On the plus side, a manhattan could be in my life sooner rather than later. Even though I wish it were later.

Saturday, February 25, 2006

Reviewing and Updating

On Monday morning this week, I took the last two of the four home pregnancy tests. As you know, they were both negative. I took them at about 6:30 am and after that I went back to bed and prayed every prayer I know that the tests were wrong. I prayed to all those saints listed below, and more. When I was in the shower, I talked to my gramma, who must have had problems herself with fertility. I knew she'd understand where I was coming from with my ever-so desperate pleas to God. I was still praying about everything when I was pretty sure it was a done deal and Partner had even done her mourning already on Sunday night. On Monday afternoon I called my mom to tell her she might stop hoping because I had done four hpts that were all negative. She sounded sad. We didn't talk long after that. I hung up the phone and looked at my feet on the bed. The house seemed a little blank. We were more sure this time than the last time that it had worked. To feel like it hadn't? Well, I thought, at least by tomorrow I'll be able to have a manhattan to wash all the sorrow away.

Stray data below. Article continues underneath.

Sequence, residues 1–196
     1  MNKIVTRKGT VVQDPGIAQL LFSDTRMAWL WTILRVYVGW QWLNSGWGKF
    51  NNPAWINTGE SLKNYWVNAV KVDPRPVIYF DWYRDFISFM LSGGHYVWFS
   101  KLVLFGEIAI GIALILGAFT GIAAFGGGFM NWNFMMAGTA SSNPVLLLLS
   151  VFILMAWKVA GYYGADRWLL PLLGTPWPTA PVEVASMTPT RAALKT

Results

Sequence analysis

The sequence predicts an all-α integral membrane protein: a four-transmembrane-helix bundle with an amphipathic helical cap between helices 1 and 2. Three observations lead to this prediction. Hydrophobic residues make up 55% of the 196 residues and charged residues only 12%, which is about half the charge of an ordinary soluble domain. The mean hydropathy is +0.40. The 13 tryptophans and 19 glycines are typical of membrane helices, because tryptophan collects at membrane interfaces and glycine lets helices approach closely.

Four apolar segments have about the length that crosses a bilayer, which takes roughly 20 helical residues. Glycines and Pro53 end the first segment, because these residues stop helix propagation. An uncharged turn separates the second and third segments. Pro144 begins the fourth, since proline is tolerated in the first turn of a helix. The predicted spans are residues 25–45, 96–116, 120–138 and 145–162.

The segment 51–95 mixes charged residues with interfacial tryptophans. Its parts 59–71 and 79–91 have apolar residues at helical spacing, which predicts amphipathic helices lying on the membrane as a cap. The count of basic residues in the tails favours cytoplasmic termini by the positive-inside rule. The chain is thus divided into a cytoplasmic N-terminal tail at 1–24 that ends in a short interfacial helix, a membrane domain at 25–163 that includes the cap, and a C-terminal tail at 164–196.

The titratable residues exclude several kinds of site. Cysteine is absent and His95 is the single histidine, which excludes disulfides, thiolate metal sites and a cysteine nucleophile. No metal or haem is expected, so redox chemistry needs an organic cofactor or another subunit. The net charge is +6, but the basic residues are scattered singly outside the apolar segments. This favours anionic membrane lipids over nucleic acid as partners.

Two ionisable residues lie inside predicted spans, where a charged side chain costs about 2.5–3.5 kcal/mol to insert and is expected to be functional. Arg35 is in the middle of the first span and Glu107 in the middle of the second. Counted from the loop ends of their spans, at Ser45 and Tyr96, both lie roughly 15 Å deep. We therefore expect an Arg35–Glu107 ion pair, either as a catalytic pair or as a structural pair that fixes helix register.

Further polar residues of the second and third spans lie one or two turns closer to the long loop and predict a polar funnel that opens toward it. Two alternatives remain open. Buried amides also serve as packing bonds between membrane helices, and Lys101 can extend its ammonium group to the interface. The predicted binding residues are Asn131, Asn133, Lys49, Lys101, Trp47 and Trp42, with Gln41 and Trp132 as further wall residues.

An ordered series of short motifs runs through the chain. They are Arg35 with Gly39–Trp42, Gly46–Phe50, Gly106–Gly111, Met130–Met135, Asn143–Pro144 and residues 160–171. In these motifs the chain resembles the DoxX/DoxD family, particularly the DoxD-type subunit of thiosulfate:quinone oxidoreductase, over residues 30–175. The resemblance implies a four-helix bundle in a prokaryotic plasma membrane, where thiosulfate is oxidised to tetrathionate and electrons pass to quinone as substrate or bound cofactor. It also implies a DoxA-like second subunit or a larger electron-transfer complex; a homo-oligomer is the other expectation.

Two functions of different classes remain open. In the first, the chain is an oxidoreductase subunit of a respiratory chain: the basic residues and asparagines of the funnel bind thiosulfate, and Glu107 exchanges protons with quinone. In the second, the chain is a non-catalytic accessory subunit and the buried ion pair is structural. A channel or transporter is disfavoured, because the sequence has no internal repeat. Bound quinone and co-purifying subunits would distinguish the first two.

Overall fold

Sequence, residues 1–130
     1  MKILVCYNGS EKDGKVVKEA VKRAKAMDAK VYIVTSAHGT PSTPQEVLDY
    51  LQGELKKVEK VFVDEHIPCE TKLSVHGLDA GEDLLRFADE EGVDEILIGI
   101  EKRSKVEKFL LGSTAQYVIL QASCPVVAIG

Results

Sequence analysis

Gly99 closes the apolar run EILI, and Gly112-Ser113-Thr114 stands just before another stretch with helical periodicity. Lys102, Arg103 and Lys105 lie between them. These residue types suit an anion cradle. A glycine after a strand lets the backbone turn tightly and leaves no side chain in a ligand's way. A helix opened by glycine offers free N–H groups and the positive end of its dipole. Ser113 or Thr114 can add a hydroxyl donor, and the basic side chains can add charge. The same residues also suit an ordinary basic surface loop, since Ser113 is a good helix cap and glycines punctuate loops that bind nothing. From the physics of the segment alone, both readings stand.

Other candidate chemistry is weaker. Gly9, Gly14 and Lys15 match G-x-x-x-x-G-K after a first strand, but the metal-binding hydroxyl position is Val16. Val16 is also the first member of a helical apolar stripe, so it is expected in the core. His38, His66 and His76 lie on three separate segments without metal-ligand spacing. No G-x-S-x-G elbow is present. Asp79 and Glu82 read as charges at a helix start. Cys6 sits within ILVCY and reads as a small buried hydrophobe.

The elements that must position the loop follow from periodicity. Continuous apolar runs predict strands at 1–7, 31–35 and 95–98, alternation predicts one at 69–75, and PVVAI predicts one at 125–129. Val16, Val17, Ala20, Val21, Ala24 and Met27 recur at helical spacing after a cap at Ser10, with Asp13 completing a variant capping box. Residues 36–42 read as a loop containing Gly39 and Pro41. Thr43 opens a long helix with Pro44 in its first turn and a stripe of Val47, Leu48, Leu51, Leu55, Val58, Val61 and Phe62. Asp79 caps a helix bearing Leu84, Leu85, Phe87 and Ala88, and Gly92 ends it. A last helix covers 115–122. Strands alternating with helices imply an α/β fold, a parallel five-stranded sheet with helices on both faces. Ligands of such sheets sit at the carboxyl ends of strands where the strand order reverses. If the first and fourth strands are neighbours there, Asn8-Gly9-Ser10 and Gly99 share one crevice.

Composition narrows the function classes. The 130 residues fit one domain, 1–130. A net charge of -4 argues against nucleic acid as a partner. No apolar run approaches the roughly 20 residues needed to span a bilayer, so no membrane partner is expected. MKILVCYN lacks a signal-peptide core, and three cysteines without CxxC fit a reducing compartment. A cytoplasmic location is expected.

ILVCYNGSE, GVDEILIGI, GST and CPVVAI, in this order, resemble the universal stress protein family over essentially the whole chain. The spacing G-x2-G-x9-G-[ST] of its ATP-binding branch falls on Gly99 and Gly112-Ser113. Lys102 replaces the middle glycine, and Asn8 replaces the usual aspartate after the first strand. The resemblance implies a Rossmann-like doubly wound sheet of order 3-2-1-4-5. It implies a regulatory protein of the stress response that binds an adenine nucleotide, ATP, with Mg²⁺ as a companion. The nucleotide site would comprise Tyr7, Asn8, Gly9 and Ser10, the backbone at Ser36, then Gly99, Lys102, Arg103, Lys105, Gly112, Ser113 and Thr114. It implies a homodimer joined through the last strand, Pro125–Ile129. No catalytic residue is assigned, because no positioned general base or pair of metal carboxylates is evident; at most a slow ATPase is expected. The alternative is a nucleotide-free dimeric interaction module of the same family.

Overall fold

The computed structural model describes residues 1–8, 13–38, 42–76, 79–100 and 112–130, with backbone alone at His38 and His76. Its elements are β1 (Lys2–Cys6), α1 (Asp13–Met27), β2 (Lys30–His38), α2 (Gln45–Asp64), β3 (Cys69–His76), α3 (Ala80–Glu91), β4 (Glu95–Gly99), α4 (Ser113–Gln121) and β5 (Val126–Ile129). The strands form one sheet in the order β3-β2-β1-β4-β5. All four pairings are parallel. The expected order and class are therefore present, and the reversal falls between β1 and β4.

And then Tuesday! Tuesday we told the nurse about our four negative hpts and she pooh-poohed us. "I had a woman in her yesterday," she said, "who took an hpt and it was negative and then her beta came in at 86." In my head I thought, "Yeah, but she only took one. We took four. What are the odds?" Slim, sure, but perhaps we should have bought the ticket to the Big Game on Tuesday, because, as you know again, that beta was postive! They wanted around 50, and I was close! So close! It felt scary to be under the average, and it felt low, but it was freaking positive. Cloud nine reigns for about five minutes before more worry sets in. What will Thursday's numbers look like?